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Title: The Awakening of the Soul
Author: Tufail, Muhammad ibn 'Abd al-Malik Ibn
Language: English
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The Wisdom of the East Series

EDITED BY

L. CRANMER-BYNG

Dr. S. A. KAPADIA



THE AWAKENING OF THE SOUL


_Motto_--

    “’Twas what it was, ’tis not to be expressed.
    Enquire no further, but conceive the best.”

                                          GHAZALI.



    WISDOM OF THE EAST

    THE AWAKENING
    OF THE SOUL

    RENDERED FROM THE ARABIC
    WITH INTRODUCTION

    BY DR. PAUL BRÖNNLE

    F.R.G.S., F.R.HIST.S., M.R.A.S., ETC.

    [Illustration]

    FOURTH IMPRESSION

    LONDON

    JOHN MURRAY, ALBEMARLE STREET

    1910



    PRINTED BY
    HAZELL, WATSON AND VINEY, LD.,
    LONDON AND AYLESBURY.



    _To Her Excellency
    THE COUNTESS OLGA ÜXKÜLL-GYLLENBAND
    Lady-in-Waiting to Her Majesty
    The Queen of Wurtemberg
    Respectfully dedicated
    by
    PAUL BRÖNNLE_



CONTENTS


                                                           _Page_

  INTRODUCTION,                                                  9


  Different Accounts of the Birth of Hayy Ibn Yokdhan,          29

  Hayy Ibn Yokdhan, son of a Princess,                          30

  Hayy is exposed by his Mother,                                30

  Hayy is driven by the tide to another Island,                 31

  Hayy is found by a Roe, which takes care of him,              31

  Spontaneous Generation,                                       32

  Hayy grows up nursed by the Roe,                              33

  Hayy learns to imitate animals’ voices,                       34

  Hayy begins to take a careful view of things,                 34

  Hayy observes the difference between the animals and himself, 35

  Hayy as a boy of seven. He covers himself with leaves,        36

  Hayy becomes aggressive, and attacks wild beasts,             36

  Hayy covers himself with the skin of an Eagle,                37

  Hayy spreads terror among the beasts,                         37

  Hayy is grief-stricken at the death of the Roe,               38

  Hayy takes an aversion to the dead body,                      38

  Hayy buries the body of the Roe,                              39

  Hayy observes divers kinds of living creatures and plants,    39

  Hayy discovers Fire kindled by the friction of reeds,         40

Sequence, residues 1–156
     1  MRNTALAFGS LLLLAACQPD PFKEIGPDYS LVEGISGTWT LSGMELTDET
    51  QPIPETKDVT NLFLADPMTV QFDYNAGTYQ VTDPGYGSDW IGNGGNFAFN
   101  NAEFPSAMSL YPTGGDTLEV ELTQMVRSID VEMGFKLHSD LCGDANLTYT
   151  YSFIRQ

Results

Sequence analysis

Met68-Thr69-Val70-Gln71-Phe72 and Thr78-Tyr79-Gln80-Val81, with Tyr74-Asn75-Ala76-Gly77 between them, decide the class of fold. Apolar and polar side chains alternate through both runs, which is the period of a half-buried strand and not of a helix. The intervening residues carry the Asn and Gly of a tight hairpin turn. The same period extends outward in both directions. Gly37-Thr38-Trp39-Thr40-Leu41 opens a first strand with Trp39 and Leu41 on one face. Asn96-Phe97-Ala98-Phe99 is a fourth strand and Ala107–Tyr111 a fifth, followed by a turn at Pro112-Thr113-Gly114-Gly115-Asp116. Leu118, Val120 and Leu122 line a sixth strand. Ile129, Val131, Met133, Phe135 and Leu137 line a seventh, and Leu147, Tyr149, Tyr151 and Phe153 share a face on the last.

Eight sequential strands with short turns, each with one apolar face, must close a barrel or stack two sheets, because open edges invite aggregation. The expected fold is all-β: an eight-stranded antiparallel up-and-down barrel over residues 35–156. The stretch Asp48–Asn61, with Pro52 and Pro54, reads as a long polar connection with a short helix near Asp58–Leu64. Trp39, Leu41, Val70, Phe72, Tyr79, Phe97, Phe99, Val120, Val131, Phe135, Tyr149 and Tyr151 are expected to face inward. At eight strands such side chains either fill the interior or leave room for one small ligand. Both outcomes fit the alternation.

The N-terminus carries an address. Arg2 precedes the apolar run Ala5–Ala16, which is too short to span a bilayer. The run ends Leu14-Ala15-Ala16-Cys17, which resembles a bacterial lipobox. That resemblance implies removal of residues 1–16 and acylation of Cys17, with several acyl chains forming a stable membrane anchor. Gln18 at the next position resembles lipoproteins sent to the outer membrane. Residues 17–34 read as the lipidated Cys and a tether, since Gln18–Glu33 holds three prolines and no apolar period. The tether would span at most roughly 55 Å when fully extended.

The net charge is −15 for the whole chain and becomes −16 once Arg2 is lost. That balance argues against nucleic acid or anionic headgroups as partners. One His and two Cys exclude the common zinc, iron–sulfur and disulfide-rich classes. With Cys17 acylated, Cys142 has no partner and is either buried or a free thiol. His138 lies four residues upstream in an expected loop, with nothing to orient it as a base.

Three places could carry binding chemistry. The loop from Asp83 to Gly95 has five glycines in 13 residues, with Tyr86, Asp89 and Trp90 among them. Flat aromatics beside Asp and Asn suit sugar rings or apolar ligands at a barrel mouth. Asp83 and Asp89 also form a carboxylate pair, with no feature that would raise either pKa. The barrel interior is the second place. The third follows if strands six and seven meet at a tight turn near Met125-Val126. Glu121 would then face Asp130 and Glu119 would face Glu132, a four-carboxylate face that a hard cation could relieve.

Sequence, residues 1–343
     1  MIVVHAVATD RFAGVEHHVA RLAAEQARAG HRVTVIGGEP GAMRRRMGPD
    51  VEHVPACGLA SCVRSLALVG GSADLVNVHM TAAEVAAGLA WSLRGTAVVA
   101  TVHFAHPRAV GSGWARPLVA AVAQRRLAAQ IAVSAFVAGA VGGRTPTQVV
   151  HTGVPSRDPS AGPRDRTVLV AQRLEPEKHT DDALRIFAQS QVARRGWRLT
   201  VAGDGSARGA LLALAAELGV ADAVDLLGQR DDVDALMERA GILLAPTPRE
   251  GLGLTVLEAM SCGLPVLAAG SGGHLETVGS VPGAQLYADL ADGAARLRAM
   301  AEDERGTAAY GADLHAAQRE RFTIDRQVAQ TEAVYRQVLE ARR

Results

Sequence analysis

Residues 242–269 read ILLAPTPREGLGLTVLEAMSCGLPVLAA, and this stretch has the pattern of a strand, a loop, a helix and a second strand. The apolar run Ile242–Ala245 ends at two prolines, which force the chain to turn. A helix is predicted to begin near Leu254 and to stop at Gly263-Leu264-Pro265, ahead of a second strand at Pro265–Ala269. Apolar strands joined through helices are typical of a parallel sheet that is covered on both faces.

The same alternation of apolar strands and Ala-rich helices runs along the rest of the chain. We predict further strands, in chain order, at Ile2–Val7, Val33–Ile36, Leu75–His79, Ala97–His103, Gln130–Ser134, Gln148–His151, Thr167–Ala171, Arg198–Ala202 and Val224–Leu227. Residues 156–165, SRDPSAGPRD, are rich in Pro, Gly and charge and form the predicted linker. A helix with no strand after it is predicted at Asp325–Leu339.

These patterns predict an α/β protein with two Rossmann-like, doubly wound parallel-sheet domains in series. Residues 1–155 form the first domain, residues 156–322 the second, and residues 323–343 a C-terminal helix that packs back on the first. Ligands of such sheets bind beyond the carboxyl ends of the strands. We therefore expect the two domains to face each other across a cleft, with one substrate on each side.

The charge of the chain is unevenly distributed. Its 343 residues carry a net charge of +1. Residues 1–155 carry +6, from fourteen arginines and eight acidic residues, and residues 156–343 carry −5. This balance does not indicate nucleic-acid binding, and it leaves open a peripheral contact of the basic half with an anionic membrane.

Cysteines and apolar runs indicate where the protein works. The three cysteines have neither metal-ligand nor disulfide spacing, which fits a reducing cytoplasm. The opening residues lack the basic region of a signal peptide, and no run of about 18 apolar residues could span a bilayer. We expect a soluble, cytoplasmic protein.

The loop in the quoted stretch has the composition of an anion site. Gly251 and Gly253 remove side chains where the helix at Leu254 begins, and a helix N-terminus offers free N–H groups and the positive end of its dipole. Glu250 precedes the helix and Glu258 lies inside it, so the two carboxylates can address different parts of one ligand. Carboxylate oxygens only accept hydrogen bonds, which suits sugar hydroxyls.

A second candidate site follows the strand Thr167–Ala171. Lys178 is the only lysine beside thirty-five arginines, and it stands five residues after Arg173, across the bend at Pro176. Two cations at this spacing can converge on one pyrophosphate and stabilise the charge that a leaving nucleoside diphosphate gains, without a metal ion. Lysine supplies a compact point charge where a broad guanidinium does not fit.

THE THIRD SEPTENARY

  Hayy makes himself clothes and shoes of the skins of animals, 42

  Hayy learns to ride,                                          43

  Hayy examines the nature of bodies,                           44

  Hayy transfers his thoughts to the heavenly bodies,           46


  THE FOURTH SEPTENARY

  Hayy ponders over heaven and stars,                           47

  Hayy finds that the body of heaven is finite,                 47

  Hayy contemplates sun, moon, and stars,                       48

  Hayy concludes that the heaven is of a spherical figure,      48

  Hayy ponders over the creation of the world,                  50

  Hayy concludes that the world must have a Creator without
    bodily substance,                                           51

  Hayy admires the work of the Creator,                         56


  FIFTH SEPTENARY

  Hayy is completely taken up with the contemplation of the
    superior intellectual world,                                58

  Hayy examines all his senses and faculties,                   58

  HAYY RETURNS TO THE SENSIBLE WORLD                            63


  SEVENTH SEPTENARY

  Asal and Salaman appear on the scene,                         65

  Nature and character of Asal and Salaman,                     66

  Further differences of Asal and Salaman,                      66

  Asal repairs to Hayy’s Island,                                67

  Hayy and Asal meet,                                           69

  Hayy catches hold of Asal,                                    70

  Hayy and Asal stroke one another,                             71

  Hayy and Asal try to understand each other,                   71

  Asal makes Hayy eat of his food,                              72

  Hayy Ibn Yokdhan at last joins Asal at dinner, but repents
    afterwards,                                                 72

  Asal becomes Hayy’s companion and teacher,                    73

  Hayy enlightens Asal on his inner life,                       74

  Asal tells Hayy of the Island from whence he had come,        75

  Hayy observes that men are dull, stupid, and brutish,         78

  Asal persuades Hayy to follow him to his Island,              79

  Hayy and Asal return together to Asal’s Island,               79

  Hayy begins to teach and instruct Salaman’s subjects,         80

  Hayy despairs of being able to reform the vulgar crowd,       81

  Hayy’s philosophical views on the value of this world,        81

  Hayy gives up his preachings and teachings,                   84